A computer built for the National Nuclear Security Administration by IBM has just been crowned the world's fastest supercomputer, according to the Top 500 Supercomputer list — stealing the lead back from Japan's Fujitsu-designed K computer.
The NNSA computer, called Sequoia, is based on IBM's Blue Gene/Q architecture and manages to reach 16.32 sustained petaflops — that's 16.32 quadrillion floating point operations per second. That blows away the K computer, which only — only! — manages 10.51 petaflops. IBM offers an alternative explanation of its performance, explaining that '"three billion people using a pocket calculator would have to perform one million operations per second to reach equivalent SuperMUC performance." Wow.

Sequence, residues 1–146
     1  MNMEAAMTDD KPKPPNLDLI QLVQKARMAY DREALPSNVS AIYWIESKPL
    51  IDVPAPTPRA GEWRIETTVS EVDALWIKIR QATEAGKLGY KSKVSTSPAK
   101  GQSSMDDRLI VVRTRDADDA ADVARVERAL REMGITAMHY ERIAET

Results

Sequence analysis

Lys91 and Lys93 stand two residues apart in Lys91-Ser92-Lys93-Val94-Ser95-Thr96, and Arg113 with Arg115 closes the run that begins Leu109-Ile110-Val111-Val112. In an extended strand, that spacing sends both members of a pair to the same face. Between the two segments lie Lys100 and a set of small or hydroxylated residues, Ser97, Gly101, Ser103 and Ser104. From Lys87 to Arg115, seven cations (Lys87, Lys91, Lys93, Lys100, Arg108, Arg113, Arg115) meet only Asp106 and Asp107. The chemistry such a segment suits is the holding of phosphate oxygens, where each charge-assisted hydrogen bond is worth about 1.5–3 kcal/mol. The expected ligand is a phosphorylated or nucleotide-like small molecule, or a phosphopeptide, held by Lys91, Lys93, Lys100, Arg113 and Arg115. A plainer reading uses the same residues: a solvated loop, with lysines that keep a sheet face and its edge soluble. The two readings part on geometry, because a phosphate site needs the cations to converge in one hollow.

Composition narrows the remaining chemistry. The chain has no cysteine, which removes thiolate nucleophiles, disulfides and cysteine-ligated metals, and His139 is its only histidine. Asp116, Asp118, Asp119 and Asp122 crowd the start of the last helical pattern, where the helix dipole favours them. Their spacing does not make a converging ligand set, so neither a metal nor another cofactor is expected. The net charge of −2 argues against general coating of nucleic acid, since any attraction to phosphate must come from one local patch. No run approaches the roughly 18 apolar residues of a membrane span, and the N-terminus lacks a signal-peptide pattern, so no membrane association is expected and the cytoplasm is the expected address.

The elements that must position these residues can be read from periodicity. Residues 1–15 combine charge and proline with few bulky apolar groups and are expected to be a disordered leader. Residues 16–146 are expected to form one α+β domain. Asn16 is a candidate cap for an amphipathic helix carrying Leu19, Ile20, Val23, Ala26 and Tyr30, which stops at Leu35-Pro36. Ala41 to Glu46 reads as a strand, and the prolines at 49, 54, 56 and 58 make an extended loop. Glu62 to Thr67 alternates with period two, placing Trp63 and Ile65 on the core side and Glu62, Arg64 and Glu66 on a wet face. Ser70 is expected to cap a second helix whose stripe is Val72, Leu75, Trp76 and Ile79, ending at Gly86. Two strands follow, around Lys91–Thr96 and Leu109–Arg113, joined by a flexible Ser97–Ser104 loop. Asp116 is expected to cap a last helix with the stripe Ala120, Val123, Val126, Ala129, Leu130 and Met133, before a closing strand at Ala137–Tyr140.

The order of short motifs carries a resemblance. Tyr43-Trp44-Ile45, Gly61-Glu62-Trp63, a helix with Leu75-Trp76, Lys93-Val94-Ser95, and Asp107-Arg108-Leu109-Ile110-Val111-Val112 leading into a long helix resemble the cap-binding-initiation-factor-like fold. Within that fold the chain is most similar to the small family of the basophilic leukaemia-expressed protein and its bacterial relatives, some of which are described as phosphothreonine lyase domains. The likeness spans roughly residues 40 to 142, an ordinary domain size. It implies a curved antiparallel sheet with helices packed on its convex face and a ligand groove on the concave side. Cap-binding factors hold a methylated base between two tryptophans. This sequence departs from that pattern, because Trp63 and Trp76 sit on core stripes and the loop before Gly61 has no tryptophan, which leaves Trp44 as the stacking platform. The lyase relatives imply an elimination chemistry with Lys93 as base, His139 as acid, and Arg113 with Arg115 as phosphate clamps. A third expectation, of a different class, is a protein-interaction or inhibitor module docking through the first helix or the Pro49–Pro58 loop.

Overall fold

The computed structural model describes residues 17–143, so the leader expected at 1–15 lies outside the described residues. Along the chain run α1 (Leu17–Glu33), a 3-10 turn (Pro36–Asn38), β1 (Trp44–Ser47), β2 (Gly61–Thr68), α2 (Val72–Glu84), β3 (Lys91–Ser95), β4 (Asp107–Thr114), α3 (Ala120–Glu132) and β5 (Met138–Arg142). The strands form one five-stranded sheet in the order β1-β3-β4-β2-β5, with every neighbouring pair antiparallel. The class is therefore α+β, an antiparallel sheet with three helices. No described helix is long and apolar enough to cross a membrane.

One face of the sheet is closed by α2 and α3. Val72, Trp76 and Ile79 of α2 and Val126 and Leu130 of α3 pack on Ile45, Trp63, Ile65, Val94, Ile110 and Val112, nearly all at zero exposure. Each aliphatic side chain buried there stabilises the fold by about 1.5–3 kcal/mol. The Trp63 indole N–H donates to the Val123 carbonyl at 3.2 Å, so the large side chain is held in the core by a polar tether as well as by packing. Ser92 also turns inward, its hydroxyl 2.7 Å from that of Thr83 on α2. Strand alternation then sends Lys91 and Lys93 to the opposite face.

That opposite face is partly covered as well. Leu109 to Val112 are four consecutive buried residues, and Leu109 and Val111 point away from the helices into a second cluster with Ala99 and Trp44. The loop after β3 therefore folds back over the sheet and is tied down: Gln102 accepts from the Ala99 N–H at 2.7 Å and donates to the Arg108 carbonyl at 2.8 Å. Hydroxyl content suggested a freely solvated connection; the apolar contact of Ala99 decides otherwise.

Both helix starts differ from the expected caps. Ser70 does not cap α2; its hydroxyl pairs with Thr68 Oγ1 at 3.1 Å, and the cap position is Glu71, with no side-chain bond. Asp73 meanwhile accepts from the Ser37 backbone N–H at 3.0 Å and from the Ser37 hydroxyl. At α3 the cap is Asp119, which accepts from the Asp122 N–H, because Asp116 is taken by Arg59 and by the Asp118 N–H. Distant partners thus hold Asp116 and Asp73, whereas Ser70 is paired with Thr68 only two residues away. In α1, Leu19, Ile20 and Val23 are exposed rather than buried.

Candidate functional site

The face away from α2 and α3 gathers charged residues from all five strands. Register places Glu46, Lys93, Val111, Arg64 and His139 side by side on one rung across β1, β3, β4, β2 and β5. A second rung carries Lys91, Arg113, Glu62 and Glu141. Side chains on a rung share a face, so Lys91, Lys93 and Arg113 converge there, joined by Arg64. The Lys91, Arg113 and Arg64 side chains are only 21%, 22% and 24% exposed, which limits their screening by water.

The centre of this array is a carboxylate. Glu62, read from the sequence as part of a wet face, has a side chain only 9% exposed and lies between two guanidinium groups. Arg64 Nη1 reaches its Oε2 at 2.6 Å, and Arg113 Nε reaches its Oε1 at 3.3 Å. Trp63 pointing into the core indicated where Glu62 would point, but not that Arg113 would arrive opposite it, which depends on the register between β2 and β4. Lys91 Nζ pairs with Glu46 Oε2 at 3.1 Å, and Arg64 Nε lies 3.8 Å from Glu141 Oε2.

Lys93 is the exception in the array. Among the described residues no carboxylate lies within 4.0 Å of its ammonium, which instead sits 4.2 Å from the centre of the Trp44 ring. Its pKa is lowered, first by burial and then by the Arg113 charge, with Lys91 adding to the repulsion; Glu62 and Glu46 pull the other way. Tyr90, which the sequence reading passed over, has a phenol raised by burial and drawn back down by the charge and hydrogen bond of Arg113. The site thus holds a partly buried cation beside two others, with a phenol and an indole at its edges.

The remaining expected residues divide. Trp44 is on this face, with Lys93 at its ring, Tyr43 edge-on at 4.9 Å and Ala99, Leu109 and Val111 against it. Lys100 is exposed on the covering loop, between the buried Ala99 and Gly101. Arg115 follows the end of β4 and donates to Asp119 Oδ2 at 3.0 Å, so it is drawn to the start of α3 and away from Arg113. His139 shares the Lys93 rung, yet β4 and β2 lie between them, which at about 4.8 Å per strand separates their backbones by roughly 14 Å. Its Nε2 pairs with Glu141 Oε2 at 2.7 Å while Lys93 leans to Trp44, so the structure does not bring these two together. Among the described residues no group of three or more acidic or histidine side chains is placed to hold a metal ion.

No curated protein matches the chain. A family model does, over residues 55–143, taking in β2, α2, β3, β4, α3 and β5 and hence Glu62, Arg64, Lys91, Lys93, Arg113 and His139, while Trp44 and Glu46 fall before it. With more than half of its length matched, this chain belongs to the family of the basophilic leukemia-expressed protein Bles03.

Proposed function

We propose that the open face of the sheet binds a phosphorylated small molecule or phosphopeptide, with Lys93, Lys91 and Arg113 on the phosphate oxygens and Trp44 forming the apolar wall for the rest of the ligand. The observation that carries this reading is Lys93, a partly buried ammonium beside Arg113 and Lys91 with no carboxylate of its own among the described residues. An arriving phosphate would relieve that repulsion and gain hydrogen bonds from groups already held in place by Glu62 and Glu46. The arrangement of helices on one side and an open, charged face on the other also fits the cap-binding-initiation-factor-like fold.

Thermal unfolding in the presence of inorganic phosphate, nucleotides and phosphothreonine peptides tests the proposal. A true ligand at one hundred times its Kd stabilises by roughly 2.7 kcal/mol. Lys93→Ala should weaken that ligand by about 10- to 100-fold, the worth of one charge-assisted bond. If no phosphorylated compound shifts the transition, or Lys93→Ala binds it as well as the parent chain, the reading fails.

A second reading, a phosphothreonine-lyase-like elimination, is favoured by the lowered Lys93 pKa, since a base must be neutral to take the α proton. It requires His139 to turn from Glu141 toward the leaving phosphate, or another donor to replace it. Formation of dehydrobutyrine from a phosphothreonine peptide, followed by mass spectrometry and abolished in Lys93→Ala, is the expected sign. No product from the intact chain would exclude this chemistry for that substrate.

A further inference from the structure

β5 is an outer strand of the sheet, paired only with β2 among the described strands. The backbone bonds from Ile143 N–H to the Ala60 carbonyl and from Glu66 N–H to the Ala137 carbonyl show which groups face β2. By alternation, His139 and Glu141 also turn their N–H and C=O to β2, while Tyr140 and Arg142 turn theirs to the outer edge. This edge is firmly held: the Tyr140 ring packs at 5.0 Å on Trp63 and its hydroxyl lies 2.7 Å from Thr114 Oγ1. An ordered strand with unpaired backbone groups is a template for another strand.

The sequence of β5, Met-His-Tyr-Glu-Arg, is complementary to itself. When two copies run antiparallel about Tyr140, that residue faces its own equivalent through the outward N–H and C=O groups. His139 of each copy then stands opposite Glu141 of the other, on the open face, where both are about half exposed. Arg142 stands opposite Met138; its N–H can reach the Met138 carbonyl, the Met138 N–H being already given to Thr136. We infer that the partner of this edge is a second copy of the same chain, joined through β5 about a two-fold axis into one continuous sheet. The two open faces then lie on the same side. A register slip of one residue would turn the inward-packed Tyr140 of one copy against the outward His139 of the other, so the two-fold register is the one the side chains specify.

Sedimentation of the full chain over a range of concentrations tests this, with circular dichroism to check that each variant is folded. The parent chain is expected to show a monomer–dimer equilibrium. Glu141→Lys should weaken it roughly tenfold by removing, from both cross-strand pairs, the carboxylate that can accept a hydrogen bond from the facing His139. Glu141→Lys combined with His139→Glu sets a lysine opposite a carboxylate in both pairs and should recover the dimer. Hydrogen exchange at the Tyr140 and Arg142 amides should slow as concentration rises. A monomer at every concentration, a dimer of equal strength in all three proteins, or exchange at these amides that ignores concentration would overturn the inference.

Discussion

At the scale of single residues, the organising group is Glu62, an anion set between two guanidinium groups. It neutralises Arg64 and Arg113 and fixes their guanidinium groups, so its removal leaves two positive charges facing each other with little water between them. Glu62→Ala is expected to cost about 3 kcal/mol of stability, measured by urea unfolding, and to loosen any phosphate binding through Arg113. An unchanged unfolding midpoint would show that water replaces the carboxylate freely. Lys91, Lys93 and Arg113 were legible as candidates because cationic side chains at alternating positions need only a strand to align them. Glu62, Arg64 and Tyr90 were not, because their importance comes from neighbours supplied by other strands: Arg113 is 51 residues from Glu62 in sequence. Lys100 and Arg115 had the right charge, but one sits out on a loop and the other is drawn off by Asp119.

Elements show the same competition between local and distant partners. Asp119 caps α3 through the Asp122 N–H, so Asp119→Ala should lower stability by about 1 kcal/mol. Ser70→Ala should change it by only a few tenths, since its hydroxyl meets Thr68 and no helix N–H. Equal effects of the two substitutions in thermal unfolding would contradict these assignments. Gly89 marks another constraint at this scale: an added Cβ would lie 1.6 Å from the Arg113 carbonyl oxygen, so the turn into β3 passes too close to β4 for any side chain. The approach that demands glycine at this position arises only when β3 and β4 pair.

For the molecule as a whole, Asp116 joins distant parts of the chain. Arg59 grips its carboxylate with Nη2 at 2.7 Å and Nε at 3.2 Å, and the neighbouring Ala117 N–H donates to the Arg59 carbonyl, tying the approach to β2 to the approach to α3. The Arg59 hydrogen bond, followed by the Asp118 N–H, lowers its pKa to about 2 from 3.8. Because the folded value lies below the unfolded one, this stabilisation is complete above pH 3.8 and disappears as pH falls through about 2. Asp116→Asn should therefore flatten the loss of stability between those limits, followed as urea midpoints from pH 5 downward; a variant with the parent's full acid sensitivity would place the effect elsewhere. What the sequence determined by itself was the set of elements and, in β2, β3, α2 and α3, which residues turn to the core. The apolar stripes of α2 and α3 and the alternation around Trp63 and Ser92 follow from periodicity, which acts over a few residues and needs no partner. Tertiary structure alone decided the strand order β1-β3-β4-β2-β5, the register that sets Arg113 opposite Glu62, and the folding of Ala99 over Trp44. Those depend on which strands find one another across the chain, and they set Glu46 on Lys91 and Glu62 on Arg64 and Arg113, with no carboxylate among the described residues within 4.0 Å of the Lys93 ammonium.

It's easy to understand when you consider Sequoia's specs: it houses 1.6 million cores with 1.6 petabytes of RAM. Still, it is the size of a room, filling 96 racks, and is ugly as hell — but then, some people prefer brains over beauty. [Top 500 via The Verge]
Image by NNSA